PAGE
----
Apparently it's "all Iraq, all the time" day here at Mother Jones. Nevertheless, I stumbled on a few backgrounders from the Council on Foreign Relations that provide as good a look as any on the new government and what we can expect in the coming months in Iraq:

  • Backgrounder on new Shiite prime minister Ibrahim al-Jaaferi. Interestingly, Shiite scholar Faleh Jabar claims that Jaaferi tried to keep his political organization, al-Daawa, independent from the Iranian government during the group's exile there in the 1980s and 90s. This despite "tremendous Iranian pressure." But links between Daawa and Iran are still "murky." Also, experts disagree on whether Jaaferi will be able to forge compromises between Iraq's different ethnic/sectarian groups, or whether his government will be too weak to form a consensus.
  • Backgrounder on the transitional government. Note that the National Assembly is supposed to draft Iraq's new constitution by August 15th. The new president, Jalal Talabani, claims that they'll get it done by then, but given how long it took just to form a new government, odds are they'll have to ask for an extension.
  • Backgrounder on de-Baathification. Interestingly, most Western scholars quoted are against a widespread purge of Baathists, most of whom are Sunnis, from the government. But the Shiites and Kurds now in charge are hinting at taking strong anti-Baath measures, not only to remove the thousands of ex-Baathists currently in government, but banning any former Baath Party member from ever taking high-ranking political or military jobs again. The problem here is that a lot of those disgruntled former military officers and ministry employees could end up taking their knowledge and going to play with the Sunni insurgency. That's what happened after the original Baath purges, under Paul Bremer in 2003.
  • More on gay soldiers

    | Fri Apr. 8, 2005 3:34 PM EDT

    Following up on the post below, I'm a bit unclear as to why fighting alongside openly gay soldiers would be such a problem. After all, it seems that the Army has been doing it in Iraq for nearly two years now:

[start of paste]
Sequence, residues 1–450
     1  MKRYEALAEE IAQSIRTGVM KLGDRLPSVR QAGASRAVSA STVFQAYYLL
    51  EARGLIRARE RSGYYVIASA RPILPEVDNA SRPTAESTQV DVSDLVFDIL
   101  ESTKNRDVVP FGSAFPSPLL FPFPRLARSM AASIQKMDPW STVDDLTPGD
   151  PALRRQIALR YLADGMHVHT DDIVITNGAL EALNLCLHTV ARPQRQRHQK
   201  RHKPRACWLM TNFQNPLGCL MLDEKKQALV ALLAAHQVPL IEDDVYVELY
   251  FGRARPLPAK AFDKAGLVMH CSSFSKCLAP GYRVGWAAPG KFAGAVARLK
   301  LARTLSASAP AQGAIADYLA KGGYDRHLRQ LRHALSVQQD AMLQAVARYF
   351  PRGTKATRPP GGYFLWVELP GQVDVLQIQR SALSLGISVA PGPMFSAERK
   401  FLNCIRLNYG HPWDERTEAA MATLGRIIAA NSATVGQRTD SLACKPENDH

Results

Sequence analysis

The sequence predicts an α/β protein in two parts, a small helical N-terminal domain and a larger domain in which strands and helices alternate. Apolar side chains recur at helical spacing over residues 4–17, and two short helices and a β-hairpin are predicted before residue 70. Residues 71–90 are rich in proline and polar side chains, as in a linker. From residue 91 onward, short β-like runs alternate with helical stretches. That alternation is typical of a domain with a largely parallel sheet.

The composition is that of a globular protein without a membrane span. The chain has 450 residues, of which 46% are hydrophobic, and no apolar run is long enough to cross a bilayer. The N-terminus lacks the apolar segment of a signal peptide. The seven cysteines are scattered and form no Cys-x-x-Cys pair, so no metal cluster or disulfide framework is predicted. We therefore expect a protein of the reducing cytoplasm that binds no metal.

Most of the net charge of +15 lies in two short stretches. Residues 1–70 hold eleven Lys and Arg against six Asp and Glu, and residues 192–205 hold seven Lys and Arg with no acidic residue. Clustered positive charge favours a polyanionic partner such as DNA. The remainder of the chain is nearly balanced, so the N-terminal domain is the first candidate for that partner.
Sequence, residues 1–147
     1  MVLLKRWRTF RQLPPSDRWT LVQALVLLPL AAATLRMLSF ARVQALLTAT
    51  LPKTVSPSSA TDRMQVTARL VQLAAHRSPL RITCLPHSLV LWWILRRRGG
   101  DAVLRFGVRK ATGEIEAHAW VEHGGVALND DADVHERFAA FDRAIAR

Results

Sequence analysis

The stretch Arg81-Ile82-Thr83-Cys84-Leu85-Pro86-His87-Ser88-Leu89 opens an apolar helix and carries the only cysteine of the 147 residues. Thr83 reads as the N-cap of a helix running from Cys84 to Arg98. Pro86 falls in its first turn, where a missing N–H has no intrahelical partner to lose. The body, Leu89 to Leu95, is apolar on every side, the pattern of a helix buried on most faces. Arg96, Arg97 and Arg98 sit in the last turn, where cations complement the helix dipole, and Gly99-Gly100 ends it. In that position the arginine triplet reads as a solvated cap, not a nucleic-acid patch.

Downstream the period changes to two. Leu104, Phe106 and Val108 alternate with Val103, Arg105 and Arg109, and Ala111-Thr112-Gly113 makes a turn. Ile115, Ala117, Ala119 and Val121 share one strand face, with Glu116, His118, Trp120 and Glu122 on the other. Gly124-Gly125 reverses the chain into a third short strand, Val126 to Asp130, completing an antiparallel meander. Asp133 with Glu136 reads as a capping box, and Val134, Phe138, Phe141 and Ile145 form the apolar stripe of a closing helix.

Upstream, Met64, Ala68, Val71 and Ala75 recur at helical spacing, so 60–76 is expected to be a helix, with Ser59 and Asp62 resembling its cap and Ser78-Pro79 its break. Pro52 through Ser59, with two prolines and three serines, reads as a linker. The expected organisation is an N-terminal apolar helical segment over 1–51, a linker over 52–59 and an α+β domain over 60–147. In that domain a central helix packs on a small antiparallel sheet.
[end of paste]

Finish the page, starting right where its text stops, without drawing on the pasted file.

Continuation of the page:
[I]t should be noted that American troops have been serving with gay British soldiers in Iraq for the past 18 months. British military authorities have noted that there have been no problems. The British navy is so pleased with gay personnel that they are now actively recruiting gays and lesbians. Part of this effort includes allowing gay couples to live in housing previously reserved for married couples. Royal Navy Commodore Paul Docherty said they want to change the military's culture so that gays will feel comfortable working there.

    Hm, maybe if Iraq ever implodes and a real civil war breaks out—none of this weak-kneed "fifty attacks, scores of dead Iraqis a day" business—conservatives can blame it all on British homosexuality.

    An openly gay soldier?

    | Fri Apr. 8, 2005 2:40 PM EDT

    Here's an interesting story about Sgt. Robert Stout, a soldier wounded in Iraq who has asked to stay in the Army as an openly gay soldier. The first openly gay soldier, in fact. Some details: Stout "has not encountered trouble from his fellow soldiers," and he notes that changing the "Don't Ask, Don't Tell" policy, in which gay men and women can serve if they keep their sexuality a secret, could be the answer to the military's recruitment woes. "I know a ton of gay men that would be more than willing to stay in the Army if they could just be open." Hm, well, given the much-noted trouble the Army has had in finding new soldiers, maybe change will come sooner than we think.